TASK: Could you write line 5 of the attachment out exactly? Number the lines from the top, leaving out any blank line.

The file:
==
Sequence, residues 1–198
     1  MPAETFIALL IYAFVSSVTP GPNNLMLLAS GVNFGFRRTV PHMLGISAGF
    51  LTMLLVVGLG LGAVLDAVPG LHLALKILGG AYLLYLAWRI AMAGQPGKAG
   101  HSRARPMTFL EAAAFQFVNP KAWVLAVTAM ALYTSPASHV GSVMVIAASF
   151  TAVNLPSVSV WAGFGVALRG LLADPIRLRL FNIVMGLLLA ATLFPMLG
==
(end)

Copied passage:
   151  TAVNLPSVSV WAGFGVALRG LLADPIRLRL FNIVMGLLLA ATLFPMLG